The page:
Holograms on tour, from left, of Maria Callas, Tupac Shakur, Roy Orbison and now Whitney Houston. Photograph: Getty Images
As a Whitney Houston 3D tour is announced, the race is on to make hi-tech concerts just like the real thing.
The Beatles live in the Cavern, Ziggy Stardust’s last outing at the Hammersmith Apollo, or Jimi Hendrix on the Isle of Wight: all these landmark gigs may soon await even fans who were not born when they took place. As the estate of the late Whitney Houston announced last week that the singer will be going on tour, in holographic form, the technological race to bring the most realistic live experiences to concert crowds has stepped up a gear.
Accusations of bad taste can still hang over these enterprises – and occasionally scupper them, as was seen earlier this year with the postponement of an Amy Winehouse hologram tour. But for the developers rushing to bring out new-era “live” effects, it seems that the only important issue is how good they look.
Jeff Wayne, the American-born creator of the hit album War of the Worlds in the 1970s, believes the race to stay abreast of technology and ahead of competition is crucial. When his new War of the Worlds live experience, which uses “volumatic capture” holograms as well as virtual reality and immersive theatre, launches this week, it will go up against alternative holographic shows from not just Whitney but opera diva Maria Callas, soon to be back after a holographic tour last year. The company behind these events, Base Hologram, is also taking Roy Orbison back out on the road with Buddy Holly in Britain in October, while rival Eyeillusion, founded in 2015, has just completed a series of Frank Zappa dates.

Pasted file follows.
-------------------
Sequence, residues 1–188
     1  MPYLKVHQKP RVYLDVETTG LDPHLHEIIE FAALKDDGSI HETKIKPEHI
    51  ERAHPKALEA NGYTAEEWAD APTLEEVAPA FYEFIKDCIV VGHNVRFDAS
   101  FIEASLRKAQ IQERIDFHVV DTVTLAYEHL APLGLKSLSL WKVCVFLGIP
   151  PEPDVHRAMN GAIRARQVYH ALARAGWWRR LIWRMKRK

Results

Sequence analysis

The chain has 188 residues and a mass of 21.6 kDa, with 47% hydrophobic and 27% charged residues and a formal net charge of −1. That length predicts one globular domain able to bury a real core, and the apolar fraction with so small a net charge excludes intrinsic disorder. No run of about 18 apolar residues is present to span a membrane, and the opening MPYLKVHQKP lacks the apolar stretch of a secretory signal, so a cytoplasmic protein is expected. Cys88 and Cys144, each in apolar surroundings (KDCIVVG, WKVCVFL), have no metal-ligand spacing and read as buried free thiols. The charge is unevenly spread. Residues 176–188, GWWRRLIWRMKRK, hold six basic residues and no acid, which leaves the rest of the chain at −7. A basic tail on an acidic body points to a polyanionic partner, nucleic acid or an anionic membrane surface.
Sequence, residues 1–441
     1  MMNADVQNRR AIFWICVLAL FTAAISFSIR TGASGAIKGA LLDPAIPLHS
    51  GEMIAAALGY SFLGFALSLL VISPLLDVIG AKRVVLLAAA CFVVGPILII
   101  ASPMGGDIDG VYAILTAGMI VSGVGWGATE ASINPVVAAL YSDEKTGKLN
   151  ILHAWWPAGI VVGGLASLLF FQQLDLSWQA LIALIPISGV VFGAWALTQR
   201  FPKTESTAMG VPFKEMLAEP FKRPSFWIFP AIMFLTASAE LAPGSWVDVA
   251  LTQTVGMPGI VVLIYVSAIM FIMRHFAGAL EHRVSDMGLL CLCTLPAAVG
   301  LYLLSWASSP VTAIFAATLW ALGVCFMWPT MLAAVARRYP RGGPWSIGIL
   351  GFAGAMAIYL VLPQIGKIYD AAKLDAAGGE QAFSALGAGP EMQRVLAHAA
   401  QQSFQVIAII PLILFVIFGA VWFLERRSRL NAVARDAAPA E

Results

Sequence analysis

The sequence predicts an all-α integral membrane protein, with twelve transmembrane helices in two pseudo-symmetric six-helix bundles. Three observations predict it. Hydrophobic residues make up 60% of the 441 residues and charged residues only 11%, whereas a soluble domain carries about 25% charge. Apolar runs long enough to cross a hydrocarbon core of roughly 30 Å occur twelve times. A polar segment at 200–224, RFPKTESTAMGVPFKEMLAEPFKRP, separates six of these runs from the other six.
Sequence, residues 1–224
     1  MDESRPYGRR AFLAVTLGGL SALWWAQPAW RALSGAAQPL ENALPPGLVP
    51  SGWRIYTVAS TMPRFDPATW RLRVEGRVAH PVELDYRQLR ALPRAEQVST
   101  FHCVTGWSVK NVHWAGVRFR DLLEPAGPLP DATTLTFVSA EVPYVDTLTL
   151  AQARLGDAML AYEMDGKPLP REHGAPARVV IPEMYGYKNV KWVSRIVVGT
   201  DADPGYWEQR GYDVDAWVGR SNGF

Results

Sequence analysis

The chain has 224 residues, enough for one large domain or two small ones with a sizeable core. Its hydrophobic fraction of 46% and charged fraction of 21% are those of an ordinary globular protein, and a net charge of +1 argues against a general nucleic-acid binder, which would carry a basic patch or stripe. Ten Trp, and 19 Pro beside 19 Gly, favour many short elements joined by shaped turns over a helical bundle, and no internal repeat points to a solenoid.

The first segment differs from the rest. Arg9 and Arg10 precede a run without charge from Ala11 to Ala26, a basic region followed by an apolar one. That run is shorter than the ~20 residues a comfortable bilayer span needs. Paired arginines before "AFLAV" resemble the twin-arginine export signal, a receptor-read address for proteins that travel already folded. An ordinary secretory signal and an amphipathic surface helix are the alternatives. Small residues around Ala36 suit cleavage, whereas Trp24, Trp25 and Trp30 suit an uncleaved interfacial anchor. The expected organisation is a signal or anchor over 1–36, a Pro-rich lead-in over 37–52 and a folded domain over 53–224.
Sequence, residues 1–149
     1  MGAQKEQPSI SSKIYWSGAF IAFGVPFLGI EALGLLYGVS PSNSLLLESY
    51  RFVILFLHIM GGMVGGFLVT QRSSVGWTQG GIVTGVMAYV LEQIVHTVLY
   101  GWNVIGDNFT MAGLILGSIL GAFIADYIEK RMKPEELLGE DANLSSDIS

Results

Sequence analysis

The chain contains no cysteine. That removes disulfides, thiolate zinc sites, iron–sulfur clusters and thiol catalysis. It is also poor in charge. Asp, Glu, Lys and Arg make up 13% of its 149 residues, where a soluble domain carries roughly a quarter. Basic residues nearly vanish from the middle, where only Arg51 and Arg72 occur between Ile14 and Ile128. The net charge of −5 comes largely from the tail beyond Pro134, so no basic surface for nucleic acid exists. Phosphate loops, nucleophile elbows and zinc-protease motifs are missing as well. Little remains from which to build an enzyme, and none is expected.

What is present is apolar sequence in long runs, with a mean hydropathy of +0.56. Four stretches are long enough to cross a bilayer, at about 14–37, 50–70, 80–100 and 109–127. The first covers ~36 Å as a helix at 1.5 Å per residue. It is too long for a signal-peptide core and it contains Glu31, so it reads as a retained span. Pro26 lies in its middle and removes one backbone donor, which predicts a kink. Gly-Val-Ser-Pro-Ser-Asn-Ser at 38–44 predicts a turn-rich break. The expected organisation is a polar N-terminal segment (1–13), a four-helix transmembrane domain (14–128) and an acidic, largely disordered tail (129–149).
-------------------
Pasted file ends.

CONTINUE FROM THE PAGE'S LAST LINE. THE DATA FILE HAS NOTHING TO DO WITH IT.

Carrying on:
“The key thing for me is the integration of the technology with my musical score,” Wayne, 75, told the Observer. “War of the Worlds has had many iterations since I wrote it, from live shows to computer games, but whatever I have done I have tried to be involved with the latest special-effect technology. But it has to stay true to the incredible story HG Wells originally wrote. That way I think you create something of value.”
Wayne argues that the result is “absolutely a live experience”, and, as he pointed out, he has a track record here, having recreated the late Richard Burton for the first stage shows based on Wayne’s album 13 years ago. “Of course, there is always a moral question, but in our case in 2006, Sally Burton, his widow, was fully supportive,” he said.
Jeff Wayne’s War of the Worlds live experience, which uses holograms, virtual reality and immersive theatre, launches on 31 May.
Whether all these special effects count as “real” holograms is hotly contested. Strictly speaking, a hologram is a 3D image caused by light beam interference, but the rise of artificial intelligence systems such as machine learning has blurred the distinctions. When Tupac Shakur, the late rapper, was resurrected at Coachella festival in California in 2012, experts argued this was actually just a projection on angled sheets of plastic, a variation of an optical trick the Victorians knew well. The 2D technique known as the “ghost illusion” or “Pepper’s ghost”was first fine tuned by the London engineer Henry Dircks and the scientist John Henry Pepper. Creative technology expert Carl Guyenette, who has worked on the Harry Potter franchise, is helping Wayne create the new experience, and suggests that we have to be careful when using term “hologram”.